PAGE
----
South African business has for a long time now invested more outside of the country than others invested in South Africa. The net Foreign Direct Investment (FDI) position data goes back on a yearly basis to 1956, and quarterly to 2013 (the fourth quarter).
In 2016 it reached just over 10% of GDP the net value invested in foreign countries by SA enterprises. It was a record then, but now in the second quarter of 2017 it had reached 21% of GDP.
The total value of SA direct investment (known as fixed investment in the old days) into other countries reached R2,8 trillion – which equalled just about 61% of GDP.
Our firms are looking at ways to maximise their profits, which they do not do well within their home country. This scary situation was reported about a week ago by the SARB – but not reported on by the media.
Analysts in the know have kept quiet, as they fear that saying anything negative brings outrage. One analyst told me that the firm policy is to not talk to media about anything even slightly negative (before the Gupta e-mails) as it would bring the firm into disrepute.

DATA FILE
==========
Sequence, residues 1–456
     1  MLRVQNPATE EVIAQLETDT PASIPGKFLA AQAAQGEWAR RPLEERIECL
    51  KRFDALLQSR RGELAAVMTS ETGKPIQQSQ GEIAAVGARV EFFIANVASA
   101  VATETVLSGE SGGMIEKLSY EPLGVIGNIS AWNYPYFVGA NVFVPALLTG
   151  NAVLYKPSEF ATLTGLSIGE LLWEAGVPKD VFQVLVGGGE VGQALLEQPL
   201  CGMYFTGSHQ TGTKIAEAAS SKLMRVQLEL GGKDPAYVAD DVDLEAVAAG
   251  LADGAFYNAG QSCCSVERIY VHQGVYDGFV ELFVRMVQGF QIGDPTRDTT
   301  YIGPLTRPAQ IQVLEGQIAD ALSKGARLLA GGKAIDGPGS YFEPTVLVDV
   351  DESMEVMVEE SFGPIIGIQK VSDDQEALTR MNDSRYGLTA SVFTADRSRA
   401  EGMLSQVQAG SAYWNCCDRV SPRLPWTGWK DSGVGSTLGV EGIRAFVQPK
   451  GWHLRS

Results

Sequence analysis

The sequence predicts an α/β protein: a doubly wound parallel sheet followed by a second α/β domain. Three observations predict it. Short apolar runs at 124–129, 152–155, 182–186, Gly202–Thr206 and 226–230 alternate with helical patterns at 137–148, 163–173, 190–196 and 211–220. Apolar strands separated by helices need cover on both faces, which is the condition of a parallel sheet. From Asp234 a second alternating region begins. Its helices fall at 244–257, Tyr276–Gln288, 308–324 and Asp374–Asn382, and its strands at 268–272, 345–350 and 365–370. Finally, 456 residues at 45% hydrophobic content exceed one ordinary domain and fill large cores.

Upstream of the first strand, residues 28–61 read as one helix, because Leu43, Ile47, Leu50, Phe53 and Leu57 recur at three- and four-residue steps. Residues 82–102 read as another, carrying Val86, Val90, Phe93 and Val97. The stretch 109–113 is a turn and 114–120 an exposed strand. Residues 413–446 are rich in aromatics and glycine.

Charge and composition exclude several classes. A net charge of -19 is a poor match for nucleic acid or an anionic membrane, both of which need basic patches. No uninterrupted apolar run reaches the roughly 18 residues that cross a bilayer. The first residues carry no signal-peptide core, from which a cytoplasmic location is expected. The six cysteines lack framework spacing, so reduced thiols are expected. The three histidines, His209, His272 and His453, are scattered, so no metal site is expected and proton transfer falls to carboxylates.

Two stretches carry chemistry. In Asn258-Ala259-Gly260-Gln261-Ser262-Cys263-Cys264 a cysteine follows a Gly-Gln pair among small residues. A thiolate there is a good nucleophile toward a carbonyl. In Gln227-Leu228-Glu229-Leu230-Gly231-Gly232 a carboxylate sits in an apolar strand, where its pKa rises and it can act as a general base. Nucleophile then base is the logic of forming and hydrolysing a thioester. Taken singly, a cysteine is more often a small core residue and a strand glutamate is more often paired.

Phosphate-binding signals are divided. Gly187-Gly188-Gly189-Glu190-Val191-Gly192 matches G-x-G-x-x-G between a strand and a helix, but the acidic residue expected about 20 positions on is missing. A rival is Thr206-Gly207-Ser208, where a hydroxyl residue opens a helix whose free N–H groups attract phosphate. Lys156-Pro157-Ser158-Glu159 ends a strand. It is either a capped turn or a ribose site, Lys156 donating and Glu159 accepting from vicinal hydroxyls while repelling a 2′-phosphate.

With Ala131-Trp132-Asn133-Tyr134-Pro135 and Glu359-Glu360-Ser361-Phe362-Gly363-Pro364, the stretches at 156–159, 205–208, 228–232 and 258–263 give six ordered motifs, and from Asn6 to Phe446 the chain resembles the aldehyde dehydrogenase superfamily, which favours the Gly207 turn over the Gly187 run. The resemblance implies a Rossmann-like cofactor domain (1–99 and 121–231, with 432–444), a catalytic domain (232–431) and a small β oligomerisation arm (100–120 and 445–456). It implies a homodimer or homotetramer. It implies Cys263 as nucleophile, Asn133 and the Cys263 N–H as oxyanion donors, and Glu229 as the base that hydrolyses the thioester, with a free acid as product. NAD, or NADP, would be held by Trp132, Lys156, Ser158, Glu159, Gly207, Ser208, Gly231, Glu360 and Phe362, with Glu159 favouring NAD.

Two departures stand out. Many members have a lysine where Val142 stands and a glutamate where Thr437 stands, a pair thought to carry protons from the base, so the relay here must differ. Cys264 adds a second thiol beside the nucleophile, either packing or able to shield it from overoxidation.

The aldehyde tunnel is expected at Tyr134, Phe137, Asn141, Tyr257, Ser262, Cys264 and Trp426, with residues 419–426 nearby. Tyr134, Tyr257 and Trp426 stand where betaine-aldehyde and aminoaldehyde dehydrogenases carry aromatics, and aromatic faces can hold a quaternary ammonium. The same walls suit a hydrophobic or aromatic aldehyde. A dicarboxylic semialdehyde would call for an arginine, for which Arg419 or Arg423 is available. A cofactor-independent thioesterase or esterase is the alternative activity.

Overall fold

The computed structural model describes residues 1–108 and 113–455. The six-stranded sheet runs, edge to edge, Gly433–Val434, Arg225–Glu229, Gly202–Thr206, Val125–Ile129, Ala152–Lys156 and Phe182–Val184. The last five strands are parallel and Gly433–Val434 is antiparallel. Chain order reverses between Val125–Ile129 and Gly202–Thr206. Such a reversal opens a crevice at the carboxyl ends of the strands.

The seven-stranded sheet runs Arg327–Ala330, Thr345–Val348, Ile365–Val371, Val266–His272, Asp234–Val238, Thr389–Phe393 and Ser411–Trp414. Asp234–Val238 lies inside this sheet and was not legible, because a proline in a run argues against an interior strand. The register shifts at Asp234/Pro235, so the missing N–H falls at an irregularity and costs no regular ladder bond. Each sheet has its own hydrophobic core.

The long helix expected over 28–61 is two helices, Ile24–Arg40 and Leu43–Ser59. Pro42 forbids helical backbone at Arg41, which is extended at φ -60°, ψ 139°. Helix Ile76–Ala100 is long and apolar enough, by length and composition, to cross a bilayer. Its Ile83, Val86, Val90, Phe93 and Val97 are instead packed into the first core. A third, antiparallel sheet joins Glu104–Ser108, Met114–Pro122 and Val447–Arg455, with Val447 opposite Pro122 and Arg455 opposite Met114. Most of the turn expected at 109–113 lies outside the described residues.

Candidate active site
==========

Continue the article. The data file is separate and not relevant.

So…much of the bad news on the economic front goes unreported.
The net positive asset position, however, should never be seen as negative. The outbound FDI brings dividend flows into SA which have helped to stabilise the Rand, and also keep making a good return for the 12,4 million people invested in pension funds in South Africa.
But such is the stream of fake news that real facts and figures are hidden even by our top-end media, who no longer have the time to investigate numbers, and just joined the church choir.
SA does not lack investments; it lacks intelligence in the public debate. Luckily the business leaders of SA have moved on!
Also when profits are low in the home country and risks are high investment will flow elsewhere!
The fixed capital formation is negative when returns do not justify investment, and money which is kept in the bank pays out more. Why take risks?
More recent data of the net fixed investment position shows that the net assets exceed foreign fixed Liabilities (Inward FDI) by more than 20% of GDP. This shows the impact of increased risks, such as inflation and a negative government view of business.
One can now expect to add 500 000 unemployed a year – if government does not change direction!
Mike Schussler is chief economist at Economists.co.za